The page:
Dun & Bradstreet, the US-based global private company information provider, is exploring a sale, according to “sources familiar with the matter”. The company was established in 1841, provides records on 212 million companies globally and became publicly traded in 1998. D&B, as the company is widely known, has become synonymous for many organisations and people who are trying to find information on private companies, or check the creditworthiness of their customers and suppliers. While not as well-known as Thomson Reuters or Bloomberg, D&B’s primary set of private company data is significantly more difficult to collect than public company data where information is readily and freely available as a result of public firms’ filing requirements being fairly consistent across the world.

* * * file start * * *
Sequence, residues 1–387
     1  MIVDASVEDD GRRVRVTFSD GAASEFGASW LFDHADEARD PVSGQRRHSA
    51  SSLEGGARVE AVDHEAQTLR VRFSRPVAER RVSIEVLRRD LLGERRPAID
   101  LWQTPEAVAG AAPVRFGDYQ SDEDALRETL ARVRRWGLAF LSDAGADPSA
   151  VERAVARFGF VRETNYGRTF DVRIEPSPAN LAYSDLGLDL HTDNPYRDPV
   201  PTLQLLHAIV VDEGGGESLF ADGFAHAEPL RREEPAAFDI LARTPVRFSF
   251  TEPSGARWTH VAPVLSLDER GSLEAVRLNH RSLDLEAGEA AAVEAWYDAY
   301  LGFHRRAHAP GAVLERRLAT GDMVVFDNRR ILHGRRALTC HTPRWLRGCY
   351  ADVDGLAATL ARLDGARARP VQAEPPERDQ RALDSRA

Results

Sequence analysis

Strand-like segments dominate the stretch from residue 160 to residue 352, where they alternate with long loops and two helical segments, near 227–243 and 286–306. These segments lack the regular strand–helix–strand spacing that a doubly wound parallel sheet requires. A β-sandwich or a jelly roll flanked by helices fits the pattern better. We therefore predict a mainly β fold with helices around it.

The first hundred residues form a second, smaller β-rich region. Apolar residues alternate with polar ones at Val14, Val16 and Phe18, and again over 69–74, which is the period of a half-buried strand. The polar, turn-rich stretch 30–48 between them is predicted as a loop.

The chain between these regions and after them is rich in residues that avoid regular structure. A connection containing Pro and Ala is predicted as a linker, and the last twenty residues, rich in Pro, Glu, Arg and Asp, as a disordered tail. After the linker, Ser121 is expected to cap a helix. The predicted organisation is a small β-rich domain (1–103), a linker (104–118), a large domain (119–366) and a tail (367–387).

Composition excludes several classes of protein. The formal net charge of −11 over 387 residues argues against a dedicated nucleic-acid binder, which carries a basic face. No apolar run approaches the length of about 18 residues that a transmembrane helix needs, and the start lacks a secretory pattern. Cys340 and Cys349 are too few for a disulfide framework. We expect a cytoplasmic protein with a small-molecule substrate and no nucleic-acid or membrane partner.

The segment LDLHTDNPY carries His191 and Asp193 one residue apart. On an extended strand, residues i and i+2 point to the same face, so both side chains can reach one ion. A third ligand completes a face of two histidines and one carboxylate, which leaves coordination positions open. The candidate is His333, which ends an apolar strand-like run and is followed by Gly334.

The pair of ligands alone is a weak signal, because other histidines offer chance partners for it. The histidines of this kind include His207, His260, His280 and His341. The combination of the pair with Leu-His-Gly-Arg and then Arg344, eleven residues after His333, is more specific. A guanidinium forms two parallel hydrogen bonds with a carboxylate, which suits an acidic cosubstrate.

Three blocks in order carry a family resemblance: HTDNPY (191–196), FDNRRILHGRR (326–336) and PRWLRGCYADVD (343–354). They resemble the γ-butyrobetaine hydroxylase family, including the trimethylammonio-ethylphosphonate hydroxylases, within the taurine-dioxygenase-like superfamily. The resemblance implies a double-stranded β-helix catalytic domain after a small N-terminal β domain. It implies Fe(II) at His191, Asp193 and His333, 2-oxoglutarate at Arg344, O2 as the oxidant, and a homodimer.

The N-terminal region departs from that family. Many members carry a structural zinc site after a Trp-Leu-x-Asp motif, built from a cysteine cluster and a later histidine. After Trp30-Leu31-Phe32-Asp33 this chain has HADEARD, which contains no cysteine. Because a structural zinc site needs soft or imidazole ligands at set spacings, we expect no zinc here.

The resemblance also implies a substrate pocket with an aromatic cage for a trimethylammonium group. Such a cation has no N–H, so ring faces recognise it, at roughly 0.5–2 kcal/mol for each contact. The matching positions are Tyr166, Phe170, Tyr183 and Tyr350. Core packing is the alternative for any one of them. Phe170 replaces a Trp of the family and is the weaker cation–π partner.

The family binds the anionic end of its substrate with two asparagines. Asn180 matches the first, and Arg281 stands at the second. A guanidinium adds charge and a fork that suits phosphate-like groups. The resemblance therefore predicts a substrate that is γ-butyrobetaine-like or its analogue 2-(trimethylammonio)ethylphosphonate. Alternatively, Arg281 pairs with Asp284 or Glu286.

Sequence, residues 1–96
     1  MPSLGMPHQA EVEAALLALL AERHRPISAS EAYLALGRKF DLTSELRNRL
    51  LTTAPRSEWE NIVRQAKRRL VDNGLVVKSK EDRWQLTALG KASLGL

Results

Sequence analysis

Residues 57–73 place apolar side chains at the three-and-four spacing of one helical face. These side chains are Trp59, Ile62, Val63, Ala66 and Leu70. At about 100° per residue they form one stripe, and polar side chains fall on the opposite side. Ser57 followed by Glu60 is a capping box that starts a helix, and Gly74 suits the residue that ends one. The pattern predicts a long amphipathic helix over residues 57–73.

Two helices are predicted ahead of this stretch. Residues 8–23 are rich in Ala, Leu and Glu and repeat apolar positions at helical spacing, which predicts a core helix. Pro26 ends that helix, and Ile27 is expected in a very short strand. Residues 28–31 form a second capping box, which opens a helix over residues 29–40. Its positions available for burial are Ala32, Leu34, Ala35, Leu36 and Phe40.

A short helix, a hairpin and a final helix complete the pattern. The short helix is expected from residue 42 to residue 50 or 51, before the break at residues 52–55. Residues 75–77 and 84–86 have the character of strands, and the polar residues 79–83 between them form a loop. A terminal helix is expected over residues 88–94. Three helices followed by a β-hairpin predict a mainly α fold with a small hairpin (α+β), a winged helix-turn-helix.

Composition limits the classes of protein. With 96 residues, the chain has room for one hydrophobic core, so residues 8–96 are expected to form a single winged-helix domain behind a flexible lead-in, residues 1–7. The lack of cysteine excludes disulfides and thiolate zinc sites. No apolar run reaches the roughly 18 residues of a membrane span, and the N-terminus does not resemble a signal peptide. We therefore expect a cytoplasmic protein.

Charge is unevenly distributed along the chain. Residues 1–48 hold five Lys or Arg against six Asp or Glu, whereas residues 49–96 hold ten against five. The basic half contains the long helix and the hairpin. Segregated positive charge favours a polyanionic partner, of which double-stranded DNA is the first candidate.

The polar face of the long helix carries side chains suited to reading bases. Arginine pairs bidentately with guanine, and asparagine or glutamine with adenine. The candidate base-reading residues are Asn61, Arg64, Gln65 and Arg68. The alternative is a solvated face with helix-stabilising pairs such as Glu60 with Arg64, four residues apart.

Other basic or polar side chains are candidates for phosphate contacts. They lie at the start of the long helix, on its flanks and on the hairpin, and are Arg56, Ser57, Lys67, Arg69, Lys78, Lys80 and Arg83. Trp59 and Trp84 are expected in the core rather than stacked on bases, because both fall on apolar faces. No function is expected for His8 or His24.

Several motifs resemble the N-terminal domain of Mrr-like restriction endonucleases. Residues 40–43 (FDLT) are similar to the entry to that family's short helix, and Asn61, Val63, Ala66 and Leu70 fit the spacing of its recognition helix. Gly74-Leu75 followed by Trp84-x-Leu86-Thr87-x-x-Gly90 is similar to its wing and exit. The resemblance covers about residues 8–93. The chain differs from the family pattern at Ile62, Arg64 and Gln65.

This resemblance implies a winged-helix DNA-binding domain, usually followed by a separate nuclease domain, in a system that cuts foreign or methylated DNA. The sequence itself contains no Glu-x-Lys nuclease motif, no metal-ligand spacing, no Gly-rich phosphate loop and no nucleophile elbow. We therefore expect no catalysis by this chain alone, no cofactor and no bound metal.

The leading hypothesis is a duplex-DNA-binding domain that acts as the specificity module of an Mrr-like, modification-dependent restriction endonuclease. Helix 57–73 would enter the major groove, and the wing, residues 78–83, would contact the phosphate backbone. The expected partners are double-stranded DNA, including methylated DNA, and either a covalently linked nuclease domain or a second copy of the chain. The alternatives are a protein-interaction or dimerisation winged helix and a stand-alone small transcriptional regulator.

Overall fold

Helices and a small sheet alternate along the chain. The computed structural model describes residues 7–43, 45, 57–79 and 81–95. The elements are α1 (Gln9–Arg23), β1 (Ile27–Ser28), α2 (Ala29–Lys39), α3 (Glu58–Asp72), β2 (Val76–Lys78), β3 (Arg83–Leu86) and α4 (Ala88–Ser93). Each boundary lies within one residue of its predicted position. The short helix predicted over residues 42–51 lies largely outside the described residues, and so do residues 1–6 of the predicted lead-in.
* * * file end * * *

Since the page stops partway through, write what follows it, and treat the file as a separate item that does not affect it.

Disclosure requirements for private companies vary considerably, with the level of data that they have to reveal ranging from very detailed in countries such as the UK, to pretty much absolutely nothing in countries like the US and Canada. This makes sourcing the data difficult as standardised collection methods can’t be applied across the board.
Should a sale proceed and D&B be delisted and taken private, it would be somewhat ironic that they themselves would have to disclose little by way of financial data, thus mirroring the millions of companies they collect information on.